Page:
The day of the photoshoot was sunny to start with, with an odd rain drizzle, so Aneta directed me first inside, telling me which way to pose to get my best angles. It was so much fun, just talking to her, pausing, holding the poses and trying to remember to keep a perfect pose when prompted ( think of a string attached to the top of your head and pulling yourself upward, relax your shoulders, tuck your pelvic bone in – do all that and will look almost swan like .) In between outfit changes I actually turned the camera ( this time my own ) on Aneta, while asking her about the specifics of her job, her cameras and what makes a perfect picture.
Aneta also put me through my paces outside as well, but with my Louboutins refusing to cooperate and gleefully sinking into the turf or between the bricks, I silently thanked Tory’s wedges for being chicly stoic in the face of earthy elements.
After fours hours that flew by, hundreds of shots and many camera rolls – Aneta shoots films and digital – the photoshoot came to an end and I can honestly say it’s been the most fascinating hours, which made me appreciate how unglamorous modelling is and how time-consuming the capturing of a perfect moment can be. I can’t wait to see the final results and share them on my website but first and foremost I now love photographers and photography even more. The attention to detail, the instructions, taking even the tiniest details into account and most importantly, reading the person correctly and making them feel at ease-so many components for a perfect moment in time. Aneta, I am an even bigger fan of your now !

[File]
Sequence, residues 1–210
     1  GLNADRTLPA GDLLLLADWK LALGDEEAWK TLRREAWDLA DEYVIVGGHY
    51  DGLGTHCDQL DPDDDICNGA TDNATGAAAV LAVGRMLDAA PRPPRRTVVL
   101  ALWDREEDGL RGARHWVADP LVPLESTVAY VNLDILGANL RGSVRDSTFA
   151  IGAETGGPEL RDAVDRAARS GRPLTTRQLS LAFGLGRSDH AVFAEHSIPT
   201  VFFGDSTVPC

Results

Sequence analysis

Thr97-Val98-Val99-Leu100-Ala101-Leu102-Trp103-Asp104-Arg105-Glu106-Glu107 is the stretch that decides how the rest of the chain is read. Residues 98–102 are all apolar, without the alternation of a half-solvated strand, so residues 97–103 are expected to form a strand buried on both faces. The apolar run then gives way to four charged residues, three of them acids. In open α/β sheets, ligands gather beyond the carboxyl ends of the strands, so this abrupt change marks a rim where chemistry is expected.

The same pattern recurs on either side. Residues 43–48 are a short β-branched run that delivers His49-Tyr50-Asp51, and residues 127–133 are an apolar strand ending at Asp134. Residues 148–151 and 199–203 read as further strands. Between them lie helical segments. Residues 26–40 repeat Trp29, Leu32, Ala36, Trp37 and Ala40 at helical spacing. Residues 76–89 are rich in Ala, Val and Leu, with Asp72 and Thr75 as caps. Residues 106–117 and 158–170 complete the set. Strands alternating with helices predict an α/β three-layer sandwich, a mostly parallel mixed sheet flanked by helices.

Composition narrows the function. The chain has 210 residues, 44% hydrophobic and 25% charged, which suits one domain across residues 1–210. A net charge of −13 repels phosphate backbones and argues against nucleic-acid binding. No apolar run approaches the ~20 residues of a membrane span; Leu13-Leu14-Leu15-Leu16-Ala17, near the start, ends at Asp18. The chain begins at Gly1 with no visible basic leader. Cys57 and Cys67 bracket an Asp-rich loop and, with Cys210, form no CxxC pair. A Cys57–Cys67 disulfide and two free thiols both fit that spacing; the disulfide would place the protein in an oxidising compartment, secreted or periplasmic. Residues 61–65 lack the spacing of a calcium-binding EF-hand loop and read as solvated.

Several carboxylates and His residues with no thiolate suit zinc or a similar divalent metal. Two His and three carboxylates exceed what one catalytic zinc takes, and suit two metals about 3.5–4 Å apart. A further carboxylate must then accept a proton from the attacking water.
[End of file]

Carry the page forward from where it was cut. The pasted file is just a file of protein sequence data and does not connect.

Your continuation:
For information about Aneta, examples of her work, as well as her blog, go to here website here
I couldn’t make the actual opening ( still kicking myself for the missed opportunity to meet Cathleen in person ) but I did go to have a look at her huge and poetic photographs-there is a delicacy about her pictures ( even though they were exhibited in a fairly large size ) but they make such a strong visual impact, that you just stop and observe each one of them for what seems like ages, and time just flies by seamlessly, as you feel entranced by the beauty of her Polaroid images.
Cathleen, who was mentored by Horst P. Horst, just had her book published by Prestel, called
‘Haute Couture the polaroids of
So, if you like theatre, you are bound to like Simon Annand’s exhibition ‘The Half’ at Victoria & Albert museum.
‘‘Half” is the term used in theatre, those sacred 30 minutes that actors get before the start of the play, when they immerse themselves in their creativity or just stay reflective, getting ready to surprise their audience. Rarely, if at all, you are allowed to see actors in those precious minutes but over the course of 20 years that’s what Simon Annand did and his work is truly mesmerizing, giving you a very intimate glimpse in to the un-atteinable world.
Beware, though, that finding the exibition in the maze that is V&A isn’t easy, it took me several attempts, following mixed-up directions of the staff. A worthy treat in the end, though .)